Ethics committee approval, health authorities

The trial was conducted in accordance with the latest Declaration of Helsinki, GCP, and ICH regulatory guidelines. The study protocol, its first amendment, and the informed consent and patient information forms were reviewed and approved by the independent Ethics Committee of Charite – Universitaetsmedizin Berlin, Campus Mitte, and submitted to the Ethics Committee of Johann Goethe University, Frankfurt, Germany. Approval was further obtained from the Paul-Ehrlich Institute, Germany (Federal Agency of Sera and Vaccines). Written informed consent was obtained from each volunteer before study entry. The clinical trial has the following identification number NCT00261001.

Study population

Volunteers from both cohorts had to meet the following eligibility criteria: men aged 18–45 years, body mass index (BMI) 21–26, skin phototype I–IV, clinical examination and interview for medical history, no tetanus vaccination within the past four years, no influenza vaccination within the past year, no psychological, familial, sociological or geographic condition that might impede compliance with the study protocol, and written informed consent. Men with excessive terminal hair growth on the investigational sites were excluded from the study. Further exclusion criteria were any acute or chronic illness, skin conditions or allergies, or local or systemic treatments that might interfere with the study protocol, and past or planned sessions of ultraviolet or sun exposure within six weeks of study entry. Healthy volunteers with a negative HIV test within three months of study entry were included in cohort I. Inclusion in cohort II (HIV-infected patients) required HIV-infection, positive HIV serology, CD4 cell nadir >200/mm3, effective antiretroviral treatment with a minimum of three drugs for <1 year prior to study entry with a plasma HIV RNA <400cp/ml during the 6 months before the inclusion and CD4+ counts >350 cells/mm3 for 12 months.

Vaccine

TETAGRIP® is a commercially available influenza/tetanus vaccine (Sanofi-Pasteur, France). The vaccine is provided as injectable suspension of one vaccine dose containing tetanus anatoxin and inactivated influenza virus type A and type B fragments of influenza antigens equivalent to 15 µg of 2 type-A (A/CALIFORNIA/7/2004 H3N3 and A/NEW CALEDONIA/20/99 H1N1) and 1 type-B (B/SHANGAI/361/2002) virus hemagglutinin subunits in saline solution. For TC and IM vaccination, 0.5 ml of the vaccine was used, as provided by the manufacturer.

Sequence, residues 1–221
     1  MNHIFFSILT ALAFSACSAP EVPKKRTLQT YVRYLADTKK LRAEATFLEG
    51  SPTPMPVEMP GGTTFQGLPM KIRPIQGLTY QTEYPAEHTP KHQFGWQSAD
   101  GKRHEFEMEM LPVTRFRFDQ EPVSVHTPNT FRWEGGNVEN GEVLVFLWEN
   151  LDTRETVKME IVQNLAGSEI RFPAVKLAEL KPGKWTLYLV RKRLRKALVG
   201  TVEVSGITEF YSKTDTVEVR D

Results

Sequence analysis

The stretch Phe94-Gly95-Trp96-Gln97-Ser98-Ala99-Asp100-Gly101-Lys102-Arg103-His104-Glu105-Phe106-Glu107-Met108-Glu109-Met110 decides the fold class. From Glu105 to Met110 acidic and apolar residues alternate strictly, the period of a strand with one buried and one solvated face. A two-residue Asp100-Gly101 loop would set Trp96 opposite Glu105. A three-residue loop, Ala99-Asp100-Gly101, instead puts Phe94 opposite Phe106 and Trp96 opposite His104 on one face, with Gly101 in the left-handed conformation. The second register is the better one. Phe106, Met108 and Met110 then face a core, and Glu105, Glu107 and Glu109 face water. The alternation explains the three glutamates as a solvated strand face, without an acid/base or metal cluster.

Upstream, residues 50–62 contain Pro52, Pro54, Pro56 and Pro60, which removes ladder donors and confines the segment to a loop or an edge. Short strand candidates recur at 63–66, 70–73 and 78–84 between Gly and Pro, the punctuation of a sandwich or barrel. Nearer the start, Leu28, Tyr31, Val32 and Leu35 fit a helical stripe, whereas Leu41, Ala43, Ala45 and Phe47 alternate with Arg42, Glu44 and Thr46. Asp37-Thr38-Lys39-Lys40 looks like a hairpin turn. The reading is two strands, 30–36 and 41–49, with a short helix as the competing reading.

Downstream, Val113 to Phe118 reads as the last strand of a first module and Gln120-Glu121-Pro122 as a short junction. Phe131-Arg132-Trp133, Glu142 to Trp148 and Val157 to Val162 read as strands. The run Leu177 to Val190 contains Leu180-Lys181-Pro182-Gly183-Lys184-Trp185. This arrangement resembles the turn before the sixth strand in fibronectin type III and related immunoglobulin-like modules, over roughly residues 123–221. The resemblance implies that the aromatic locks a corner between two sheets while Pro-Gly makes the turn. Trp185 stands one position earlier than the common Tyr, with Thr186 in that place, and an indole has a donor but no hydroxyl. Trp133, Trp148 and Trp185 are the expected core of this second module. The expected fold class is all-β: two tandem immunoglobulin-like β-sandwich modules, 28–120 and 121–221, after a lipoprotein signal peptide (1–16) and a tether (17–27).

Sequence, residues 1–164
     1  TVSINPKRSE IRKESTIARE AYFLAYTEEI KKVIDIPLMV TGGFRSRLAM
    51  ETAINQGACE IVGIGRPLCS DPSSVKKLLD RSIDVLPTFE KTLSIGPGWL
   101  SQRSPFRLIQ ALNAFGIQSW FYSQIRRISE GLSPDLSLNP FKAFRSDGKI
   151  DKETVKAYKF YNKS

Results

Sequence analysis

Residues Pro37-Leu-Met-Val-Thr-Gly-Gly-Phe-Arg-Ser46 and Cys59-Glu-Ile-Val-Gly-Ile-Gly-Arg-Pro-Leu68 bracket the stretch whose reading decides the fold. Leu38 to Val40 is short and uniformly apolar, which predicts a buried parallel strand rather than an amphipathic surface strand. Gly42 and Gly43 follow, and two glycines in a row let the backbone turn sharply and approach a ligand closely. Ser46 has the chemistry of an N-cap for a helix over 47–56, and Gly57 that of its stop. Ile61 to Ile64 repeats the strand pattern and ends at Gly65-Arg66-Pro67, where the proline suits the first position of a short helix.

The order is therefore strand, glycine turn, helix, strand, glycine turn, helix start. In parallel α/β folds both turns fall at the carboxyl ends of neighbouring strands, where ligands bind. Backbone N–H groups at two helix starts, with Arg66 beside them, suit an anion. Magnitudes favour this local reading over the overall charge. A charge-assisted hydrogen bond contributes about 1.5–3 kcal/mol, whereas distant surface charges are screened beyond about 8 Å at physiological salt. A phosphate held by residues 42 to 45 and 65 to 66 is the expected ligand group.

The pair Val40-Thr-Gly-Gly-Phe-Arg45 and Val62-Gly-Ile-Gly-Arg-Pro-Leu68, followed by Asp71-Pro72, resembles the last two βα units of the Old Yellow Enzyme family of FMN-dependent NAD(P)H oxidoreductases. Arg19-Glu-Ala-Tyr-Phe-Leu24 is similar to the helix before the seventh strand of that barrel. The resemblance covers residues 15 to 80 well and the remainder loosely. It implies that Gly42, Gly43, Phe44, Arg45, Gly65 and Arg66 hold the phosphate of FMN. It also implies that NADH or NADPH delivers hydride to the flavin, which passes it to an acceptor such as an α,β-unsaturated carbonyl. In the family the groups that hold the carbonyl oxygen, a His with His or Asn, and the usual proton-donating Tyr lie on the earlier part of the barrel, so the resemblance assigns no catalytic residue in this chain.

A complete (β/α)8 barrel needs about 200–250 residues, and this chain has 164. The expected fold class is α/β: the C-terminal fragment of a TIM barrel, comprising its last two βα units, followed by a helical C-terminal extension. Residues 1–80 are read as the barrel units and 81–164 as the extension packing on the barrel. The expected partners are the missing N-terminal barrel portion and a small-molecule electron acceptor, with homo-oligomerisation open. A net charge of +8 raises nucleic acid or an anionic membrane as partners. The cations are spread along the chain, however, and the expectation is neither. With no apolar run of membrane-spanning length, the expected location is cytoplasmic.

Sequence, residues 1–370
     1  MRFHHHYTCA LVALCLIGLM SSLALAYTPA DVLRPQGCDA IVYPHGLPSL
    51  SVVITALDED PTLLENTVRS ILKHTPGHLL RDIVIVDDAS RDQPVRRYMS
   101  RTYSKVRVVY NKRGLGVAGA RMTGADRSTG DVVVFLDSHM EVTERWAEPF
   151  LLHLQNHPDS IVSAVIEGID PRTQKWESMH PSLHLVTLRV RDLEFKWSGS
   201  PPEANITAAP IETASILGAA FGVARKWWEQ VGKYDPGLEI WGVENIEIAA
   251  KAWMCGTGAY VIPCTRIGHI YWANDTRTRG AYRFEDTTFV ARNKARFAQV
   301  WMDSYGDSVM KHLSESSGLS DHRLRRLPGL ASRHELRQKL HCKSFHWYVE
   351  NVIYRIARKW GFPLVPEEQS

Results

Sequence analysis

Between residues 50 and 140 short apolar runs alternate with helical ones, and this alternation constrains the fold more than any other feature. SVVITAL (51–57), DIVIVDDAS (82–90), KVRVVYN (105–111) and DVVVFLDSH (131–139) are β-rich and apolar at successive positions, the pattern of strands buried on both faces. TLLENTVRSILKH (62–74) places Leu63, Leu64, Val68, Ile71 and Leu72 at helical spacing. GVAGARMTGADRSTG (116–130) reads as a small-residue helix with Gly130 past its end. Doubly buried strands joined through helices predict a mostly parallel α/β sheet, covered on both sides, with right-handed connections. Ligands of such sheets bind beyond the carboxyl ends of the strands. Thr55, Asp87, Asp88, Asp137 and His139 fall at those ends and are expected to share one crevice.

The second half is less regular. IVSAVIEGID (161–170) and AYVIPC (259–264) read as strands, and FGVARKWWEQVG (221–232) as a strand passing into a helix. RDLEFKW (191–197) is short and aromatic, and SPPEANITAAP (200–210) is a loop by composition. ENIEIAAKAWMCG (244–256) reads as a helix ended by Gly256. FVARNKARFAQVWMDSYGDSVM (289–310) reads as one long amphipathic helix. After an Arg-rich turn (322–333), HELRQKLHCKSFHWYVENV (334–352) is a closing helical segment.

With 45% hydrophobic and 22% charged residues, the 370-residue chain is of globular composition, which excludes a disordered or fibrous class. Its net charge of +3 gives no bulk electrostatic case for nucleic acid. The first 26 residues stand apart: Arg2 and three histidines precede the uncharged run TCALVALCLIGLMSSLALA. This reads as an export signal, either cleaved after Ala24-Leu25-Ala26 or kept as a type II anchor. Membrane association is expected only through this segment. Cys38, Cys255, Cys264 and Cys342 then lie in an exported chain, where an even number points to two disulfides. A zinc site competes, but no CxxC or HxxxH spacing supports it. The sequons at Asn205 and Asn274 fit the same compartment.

TC and IM vaccination

TC vaccination was performed as described elsewhere, with a newly developed standard operating procedure based on CSSS [36], [37]. Briefly, two investigational sites of 4×4 cm each were delimited on the external part of the upper left arm with a permanent skin marker (Skin marker H7003 Falc). The investigational sites and the surrounding skin (2 cm on the top and bottom of each investigational site and 1 cm on both sides) were lightly shaved with a dry razor (Disposable razor, Art.-No. 182 H, Wilkinson Sword GmbH, Germany). One CSSS was performed with 190 mg cyanoacrylate (Superglue, UHU GmbH & Co. KG, Germany), which was spread evenly on the skin surface with a microscope slide. Adhesive tape (6×5 cm, Art.-No. 571176-00000, Tesa Beiersdorf, Germany) was then applied and massaged with a rubber roll to improve adhesion (10 times). After the glue hardened for 20 minutes, tape and glue were removed from the skin surface. A silicone barrier was placed to protect the area around the investigational sites (Window-Colourpaste, Art.-No. 4469/ko, Max-Bringmann GmbH & Co., Wendelstein, Germany) to avoid spreading the vaccine. TETAGRIP® vaccine (250 µl) was applied in droplets from the original syringe provided by the manufacturer onto the skin surface of each investigational site (16 drops per investigational site, each drop approximately 16 µl) and then gently massaged with gloved fingertip (care & serve®) presaturated with vaccine for one minute. After an incubation time of 20 minutes, a protective hydrocolloid bandage (Comfeel® Plus Transparent 9×14 cm Art.-Nr.: 3542, Coloplast A/S, Denmark) was applied to the dried surface to protect the investigational sites for 24 h. The volunteers were instructed not to take a shower or bath and to avoid any activity that caused sweating or mechanical stress to the investigational site, e.g., physical exercise, for these 24 hours.

For the IM group, TETAGRIP® vaccine (0.5 ml) as provided by the manufacturer was injected intramuscularly into the deltoid muscle of the left arm after careful disinfection, following the most recent ICH Good Clinical Practices.